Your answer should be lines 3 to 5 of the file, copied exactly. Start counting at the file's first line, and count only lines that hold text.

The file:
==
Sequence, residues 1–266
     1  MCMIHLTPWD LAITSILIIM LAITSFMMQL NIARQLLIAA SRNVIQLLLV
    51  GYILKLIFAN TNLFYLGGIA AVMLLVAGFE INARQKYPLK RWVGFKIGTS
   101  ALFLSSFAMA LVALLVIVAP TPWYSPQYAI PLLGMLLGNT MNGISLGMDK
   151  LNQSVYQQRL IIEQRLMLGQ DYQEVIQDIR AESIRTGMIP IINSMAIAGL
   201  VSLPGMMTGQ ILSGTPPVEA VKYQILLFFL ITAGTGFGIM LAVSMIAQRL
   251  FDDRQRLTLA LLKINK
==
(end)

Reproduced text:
    51  GYILKLIFAN TNLFYLGGIA AVMLLVAGFE INARQKYPLK RWVGFKIGTS
   101  ALFLSSFAMA LVALLVIVAP TPWYSPQYAI PLLGMLLGNT MNGISLGMDK
   151  LNQSVYQQRL IIEQRLMLGQ DYQEVIQDIR AESIRTGMIP IINSMAIAGL